Friday, June 24, 2011

Raze Request for 1860s Rowhouses

Three historic row houses, at 1232-1236 New Jersey Avenue, NW, in the Mount Vernon Square Historic District, are up for demolition. The raze request submitted in February by the property owner, the Third Street Church of God, will be reviewed by the Historic Preservation Review Board (HPRB) next week, on June 30th. The HPRB will decide the fate of the badly decrepit row houses, vacant now for over two decades.

At first glance, the property looks unimpressive. Upon further inspection, and considering the 140-year history, the three residential row houses can be seen in a new light, or at least given a nod. However, the property is the worse for its 14 decades.

Director of Church Operations at Third Street Church of God, Theodore (Ted) Daniels, says that demolition is "one of the options" being pursued by the Church and if this route is pursued that the created "space will be used for parking" for church attendees. The Third Street Church of God has been at its location - next door - at 1246 New Jersey Avenue, NW for over a century.

Rob Amos, chair of the ANC 6C Planning, Zoning, and Environment (PZE) Committee, and president of Mount Vernon Square Neighborhood Association (MVSNA), says that the amount of parking that would be created is unimpressive, and that the PZE moved to oppose the raze request at the PZE meeting on June 1st. The full ANC 6C Commission meeting, however, split 3-3-1 and the ANC "took no action on the request [of the PZE]."

Bobbi Kengel, concerned citizen, says she was "shocked to discover that there could still be a real possibility of demolition of historic rowhouses within a designated historic district."

But, the "real story," according to Kengel, is that "churches and universities are still being allowed to commit demolition by neglect in large numbers, and they aren't even being taxed at the vacant or blighted rates." Rebecca Miller, Executive Director of the DC Preservation league, agreed that property owners should not be able to commit demolition by neglect. According to Amos, "Pastor Sanders [of the Third Street Church of God] testified that [the property] had been vacant for at least 20 years. The Church has been using them for storage for quite a while now."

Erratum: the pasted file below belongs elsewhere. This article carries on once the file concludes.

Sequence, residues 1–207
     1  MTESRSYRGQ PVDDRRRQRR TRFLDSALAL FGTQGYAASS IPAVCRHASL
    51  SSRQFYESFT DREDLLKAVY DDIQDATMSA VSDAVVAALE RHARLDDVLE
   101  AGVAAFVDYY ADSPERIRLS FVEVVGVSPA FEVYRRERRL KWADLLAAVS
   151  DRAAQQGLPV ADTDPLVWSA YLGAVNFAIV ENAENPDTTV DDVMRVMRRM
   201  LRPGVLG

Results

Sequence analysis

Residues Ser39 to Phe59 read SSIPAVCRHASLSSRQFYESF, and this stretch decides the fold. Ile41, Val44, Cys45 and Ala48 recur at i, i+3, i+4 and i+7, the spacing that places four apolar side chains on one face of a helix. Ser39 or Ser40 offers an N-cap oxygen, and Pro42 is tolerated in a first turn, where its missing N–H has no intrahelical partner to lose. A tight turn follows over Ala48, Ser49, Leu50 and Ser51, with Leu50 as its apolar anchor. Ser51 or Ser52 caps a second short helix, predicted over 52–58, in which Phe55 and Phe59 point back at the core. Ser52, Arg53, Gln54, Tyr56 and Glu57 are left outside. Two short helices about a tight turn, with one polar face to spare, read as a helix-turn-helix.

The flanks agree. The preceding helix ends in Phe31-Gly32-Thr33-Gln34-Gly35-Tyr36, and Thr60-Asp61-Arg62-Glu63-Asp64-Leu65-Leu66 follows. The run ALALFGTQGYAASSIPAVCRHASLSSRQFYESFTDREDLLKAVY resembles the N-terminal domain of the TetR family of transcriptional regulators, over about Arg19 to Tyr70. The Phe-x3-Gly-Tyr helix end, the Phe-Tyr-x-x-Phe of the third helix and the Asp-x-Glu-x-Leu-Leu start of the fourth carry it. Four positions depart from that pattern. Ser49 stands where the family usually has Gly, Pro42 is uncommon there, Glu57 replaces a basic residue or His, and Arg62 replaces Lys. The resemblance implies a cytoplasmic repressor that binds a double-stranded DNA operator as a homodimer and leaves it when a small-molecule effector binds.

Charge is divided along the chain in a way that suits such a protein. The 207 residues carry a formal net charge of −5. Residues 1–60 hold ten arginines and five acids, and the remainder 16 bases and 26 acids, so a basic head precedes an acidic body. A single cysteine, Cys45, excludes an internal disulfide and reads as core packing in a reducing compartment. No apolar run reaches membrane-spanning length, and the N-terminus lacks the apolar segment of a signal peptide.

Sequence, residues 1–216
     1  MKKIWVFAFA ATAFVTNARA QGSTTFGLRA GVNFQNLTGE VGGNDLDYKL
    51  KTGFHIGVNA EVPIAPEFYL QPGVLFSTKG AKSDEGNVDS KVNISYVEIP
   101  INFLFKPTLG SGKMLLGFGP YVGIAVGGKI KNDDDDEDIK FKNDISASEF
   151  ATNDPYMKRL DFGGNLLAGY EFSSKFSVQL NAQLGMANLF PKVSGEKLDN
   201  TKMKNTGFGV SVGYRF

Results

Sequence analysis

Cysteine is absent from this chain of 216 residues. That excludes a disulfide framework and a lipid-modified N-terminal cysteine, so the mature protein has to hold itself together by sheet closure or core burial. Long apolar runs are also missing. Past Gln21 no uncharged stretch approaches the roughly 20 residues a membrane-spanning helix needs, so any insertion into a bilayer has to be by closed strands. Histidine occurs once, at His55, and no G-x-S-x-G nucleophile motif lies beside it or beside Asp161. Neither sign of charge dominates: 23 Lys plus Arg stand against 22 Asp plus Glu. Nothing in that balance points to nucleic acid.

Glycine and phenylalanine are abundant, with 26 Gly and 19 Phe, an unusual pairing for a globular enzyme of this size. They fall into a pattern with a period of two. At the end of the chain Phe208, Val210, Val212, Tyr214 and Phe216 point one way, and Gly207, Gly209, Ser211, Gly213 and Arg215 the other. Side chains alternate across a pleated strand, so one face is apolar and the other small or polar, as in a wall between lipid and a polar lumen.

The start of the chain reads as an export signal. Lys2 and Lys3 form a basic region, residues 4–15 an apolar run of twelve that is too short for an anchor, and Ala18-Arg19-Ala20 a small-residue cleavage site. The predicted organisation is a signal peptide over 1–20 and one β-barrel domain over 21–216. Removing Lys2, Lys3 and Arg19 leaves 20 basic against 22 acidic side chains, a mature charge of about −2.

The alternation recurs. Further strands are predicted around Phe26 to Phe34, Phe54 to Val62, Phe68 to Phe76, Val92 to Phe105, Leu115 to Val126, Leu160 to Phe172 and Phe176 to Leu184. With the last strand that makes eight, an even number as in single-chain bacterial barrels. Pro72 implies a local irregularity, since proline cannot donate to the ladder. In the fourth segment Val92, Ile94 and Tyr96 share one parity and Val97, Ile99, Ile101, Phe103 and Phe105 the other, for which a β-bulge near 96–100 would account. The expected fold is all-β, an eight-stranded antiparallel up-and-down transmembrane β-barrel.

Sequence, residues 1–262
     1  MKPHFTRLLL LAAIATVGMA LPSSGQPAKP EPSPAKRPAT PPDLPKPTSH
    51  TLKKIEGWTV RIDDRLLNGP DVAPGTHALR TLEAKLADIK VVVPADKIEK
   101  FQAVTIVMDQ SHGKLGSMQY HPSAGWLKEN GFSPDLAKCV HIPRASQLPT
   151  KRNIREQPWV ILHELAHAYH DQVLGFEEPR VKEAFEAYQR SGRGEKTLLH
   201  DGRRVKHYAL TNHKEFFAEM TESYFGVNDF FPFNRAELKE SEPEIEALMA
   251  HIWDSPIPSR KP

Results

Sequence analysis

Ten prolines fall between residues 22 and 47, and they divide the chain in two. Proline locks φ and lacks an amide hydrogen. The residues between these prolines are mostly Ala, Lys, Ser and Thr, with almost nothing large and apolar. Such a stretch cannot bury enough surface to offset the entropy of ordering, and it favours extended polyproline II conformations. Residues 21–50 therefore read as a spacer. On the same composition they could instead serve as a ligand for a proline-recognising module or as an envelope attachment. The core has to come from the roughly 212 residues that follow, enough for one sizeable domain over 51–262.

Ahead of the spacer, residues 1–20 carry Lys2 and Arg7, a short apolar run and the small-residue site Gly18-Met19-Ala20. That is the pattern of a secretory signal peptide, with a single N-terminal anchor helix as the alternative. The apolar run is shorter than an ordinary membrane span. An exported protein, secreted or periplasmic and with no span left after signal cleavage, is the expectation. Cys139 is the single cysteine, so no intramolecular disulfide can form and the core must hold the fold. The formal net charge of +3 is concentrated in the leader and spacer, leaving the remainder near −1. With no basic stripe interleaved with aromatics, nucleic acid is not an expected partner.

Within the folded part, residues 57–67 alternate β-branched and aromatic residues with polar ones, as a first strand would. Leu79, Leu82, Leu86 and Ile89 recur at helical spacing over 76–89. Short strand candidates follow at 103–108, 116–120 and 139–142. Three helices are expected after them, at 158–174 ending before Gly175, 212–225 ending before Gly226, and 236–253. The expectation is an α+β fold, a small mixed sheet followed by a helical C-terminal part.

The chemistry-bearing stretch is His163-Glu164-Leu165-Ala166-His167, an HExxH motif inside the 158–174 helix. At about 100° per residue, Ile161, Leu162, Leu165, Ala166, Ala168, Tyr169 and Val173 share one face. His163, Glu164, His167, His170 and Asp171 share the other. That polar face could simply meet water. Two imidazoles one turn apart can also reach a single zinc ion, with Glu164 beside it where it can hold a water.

Washington D.C. real estate development news


IMGoph on Jun 24, 2011, 3:15:00 PM said...

Kelly: These houses are in the Mt. Vernon Square Historic District, not the Mount Vernon Triangle Historic District.

See the map here (PDF) for the difference.

4n0n said...

1. I feel like this is a case where we're confusing "old" with "historic". Even though these are in a historic district, do we know whether these are contributing structures? Put otherwise, is there anything worthwhile about them at all, other than the fact that they were built a long time ago?

2. That said, a parking lot - especially one that sits empty 6 days a week - would probably be worse for the surrounding area and historic district than these blighted buildings.

Anonymous said...

Personally, I am tired of churches tearing down what could become good housing stock for parking lots. THe lots are empty 6 1/2 days a week, are not fully utilized, and do not contribute to DC life at all. Let the church sell the properties they own and go to the suburbs where their congregants are and leave city neighborhoods alone. I am not happy with the churches in DC that have suburban congregants that contribute little or nothing to the city.

Anonymous said...

If the structures are in bad shape, only the Church can be blamed. There is no reason why it should be rewarded by being allowed to demolish historic structures.

The city policy is, or ought to be that these houses should be restored and returned to functional use, either by the Church or a third party.

Anonymous said...

Save the buildings!!! With the mass of new development in the pipe line and the amount of background historic fabric that DC lost in the anti-urban/historic years between 1950 and 1980, even these humble structures will be important contributors to the character of the older neighborhoods.

Anonymous said...

This church and several others in the city should be ashamed of their actions. They are not contributing to the good of the neighborhoods they reside in. Two churches here just west of the convention center on N Street own several lots that sit empty on Sunday but full during the work week because they lease out the spaces. The residents of this neighborhood get the traffic, noise, honking, trash, crime, and speeding drivers during rush hours on our residential streets while the churches enjoy the cash and no taxes on these lots. These lots should be filled with homes, not asphalt.

Lydia on Jun 26, 2011, 10:41:00 AM said...

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